I don’t hold with the notion that all people need to get them cycling is encouragement, or training. Once conditions are perceptively and actually safer, so such encouragement is no longer (arguably) irresponsible, we will still need not only to encourage cycling, but discourage driving. One very obvious incentive to driving is the availability of parking – car parking simply makes for more traffic congestion – and for this reason I have been joining in a battle at home against a strident lobby group which, in essence, wants to preserve totally unregulated street parking despite the adverse impact this has on the people who actually have to live with it. But in a dense inner city environment there is so much more that can be done. 20mph limits may not encourage more cycling, but arguably they make driving less attractive because relative journey times are impacted. Permeability measures to prevent rat-running, and to force cars to make a roundabout journey where pedestrians and cyclists can make a straight A-B line, also add to the general message to leave your car at home. All of these measures, and more, are used to good effect in the Netherlands and Denmark in addition to cycle tracks. People there don’t actually own fewer cars than we do, they just leave them parked more of the time (which incidentally means that they tend to keep them longer – about 7-8 years on average in Netherlands/Denmark, compared with under 6 in the UK).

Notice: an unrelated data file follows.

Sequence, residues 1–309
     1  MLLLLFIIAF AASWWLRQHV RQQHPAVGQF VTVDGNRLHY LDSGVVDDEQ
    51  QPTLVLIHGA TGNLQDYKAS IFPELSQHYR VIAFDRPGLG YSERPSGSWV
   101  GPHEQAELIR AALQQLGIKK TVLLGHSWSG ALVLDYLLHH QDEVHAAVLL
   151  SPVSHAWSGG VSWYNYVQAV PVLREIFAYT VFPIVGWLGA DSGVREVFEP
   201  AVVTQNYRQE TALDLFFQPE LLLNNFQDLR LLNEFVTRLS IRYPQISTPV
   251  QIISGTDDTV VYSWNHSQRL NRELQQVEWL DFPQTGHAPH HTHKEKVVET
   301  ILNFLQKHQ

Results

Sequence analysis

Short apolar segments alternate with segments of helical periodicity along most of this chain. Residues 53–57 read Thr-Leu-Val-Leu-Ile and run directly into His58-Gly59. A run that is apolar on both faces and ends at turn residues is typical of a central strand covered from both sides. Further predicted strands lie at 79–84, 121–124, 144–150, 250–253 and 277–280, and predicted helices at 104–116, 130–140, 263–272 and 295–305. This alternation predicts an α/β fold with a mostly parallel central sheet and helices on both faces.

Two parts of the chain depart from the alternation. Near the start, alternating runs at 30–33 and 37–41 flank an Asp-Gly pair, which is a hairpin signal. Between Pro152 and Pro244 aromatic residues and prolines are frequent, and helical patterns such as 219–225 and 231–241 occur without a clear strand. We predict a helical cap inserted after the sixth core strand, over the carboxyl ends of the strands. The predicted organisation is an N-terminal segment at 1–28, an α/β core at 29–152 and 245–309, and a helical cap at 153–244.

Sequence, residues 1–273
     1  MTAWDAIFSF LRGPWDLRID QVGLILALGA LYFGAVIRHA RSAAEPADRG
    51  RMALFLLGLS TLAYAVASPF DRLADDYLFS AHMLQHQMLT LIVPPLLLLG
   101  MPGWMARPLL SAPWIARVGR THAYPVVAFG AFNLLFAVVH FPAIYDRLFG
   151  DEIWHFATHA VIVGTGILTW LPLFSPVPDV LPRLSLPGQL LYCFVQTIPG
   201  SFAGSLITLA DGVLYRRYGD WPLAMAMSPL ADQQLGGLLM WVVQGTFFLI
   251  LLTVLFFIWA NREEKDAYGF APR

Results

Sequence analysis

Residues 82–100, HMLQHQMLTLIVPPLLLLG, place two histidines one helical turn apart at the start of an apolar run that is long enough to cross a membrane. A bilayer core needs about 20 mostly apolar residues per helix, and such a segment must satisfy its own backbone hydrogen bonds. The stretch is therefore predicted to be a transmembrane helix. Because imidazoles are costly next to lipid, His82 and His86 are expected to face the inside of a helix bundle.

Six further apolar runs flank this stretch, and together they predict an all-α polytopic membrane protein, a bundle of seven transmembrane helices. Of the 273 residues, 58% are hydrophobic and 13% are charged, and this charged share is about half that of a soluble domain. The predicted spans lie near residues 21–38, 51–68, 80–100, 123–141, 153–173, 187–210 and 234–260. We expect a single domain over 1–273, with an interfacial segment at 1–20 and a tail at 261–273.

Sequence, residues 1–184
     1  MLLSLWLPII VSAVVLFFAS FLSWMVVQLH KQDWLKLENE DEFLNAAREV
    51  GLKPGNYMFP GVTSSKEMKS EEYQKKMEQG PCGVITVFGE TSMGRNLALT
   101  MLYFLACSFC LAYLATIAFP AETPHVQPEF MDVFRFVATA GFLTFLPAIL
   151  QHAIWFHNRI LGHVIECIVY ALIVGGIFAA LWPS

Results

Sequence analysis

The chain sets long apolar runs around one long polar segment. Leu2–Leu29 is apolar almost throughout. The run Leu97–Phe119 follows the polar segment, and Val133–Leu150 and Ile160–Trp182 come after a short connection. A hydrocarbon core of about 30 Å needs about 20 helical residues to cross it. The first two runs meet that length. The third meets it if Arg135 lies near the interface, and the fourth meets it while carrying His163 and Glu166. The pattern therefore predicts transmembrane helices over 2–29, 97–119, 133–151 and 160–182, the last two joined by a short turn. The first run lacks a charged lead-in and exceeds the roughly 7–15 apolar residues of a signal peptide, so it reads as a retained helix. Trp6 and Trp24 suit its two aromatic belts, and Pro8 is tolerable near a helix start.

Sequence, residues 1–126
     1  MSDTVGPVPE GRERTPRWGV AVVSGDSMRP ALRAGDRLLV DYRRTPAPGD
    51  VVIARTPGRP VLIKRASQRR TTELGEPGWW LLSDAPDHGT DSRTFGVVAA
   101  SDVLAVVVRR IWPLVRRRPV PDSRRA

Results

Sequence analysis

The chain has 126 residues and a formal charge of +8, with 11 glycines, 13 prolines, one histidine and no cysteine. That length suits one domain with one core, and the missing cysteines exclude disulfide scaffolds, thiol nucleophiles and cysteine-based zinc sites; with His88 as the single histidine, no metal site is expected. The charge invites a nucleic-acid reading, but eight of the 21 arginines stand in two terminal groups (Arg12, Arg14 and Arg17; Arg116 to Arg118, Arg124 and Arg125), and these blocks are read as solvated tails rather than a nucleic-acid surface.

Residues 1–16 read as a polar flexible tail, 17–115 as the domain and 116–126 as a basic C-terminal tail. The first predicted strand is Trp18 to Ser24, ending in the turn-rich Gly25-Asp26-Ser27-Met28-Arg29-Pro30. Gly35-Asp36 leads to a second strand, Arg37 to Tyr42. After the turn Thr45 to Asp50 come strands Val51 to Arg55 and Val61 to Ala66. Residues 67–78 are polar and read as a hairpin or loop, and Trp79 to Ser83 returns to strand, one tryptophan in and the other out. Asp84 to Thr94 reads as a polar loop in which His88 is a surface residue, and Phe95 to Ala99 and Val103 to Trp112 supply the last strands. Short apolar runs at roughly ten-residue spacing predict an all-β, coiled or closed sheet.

We can do the same things, and it appears that one London Borough – Hackney – has been quietly doing that for some time. As Vincent Stops relates in his new blog (http://cycleandwalkhackney.blogspot.co.uk) . No doubt sceptics (hopefully not cynics) will say that it isn’t that great so far, but it is way ahead of other boroughs or most other UK cities. Just take a look at Westminster, surely the worst inner London borough for cycle or pedestrian conditions, with a warren of one-way streets which are impermeable to bicycles, converted into narrow shooting galleries where fast traffic races through narrow spaces past long lines of parked cars. (There it is, parking, again). If we removed all the on-street parking in places like Westminster, retaining the one-way system but using the old parking space for a separated two-way cycle path, now we would be getting somewhere!

ibikelondon said...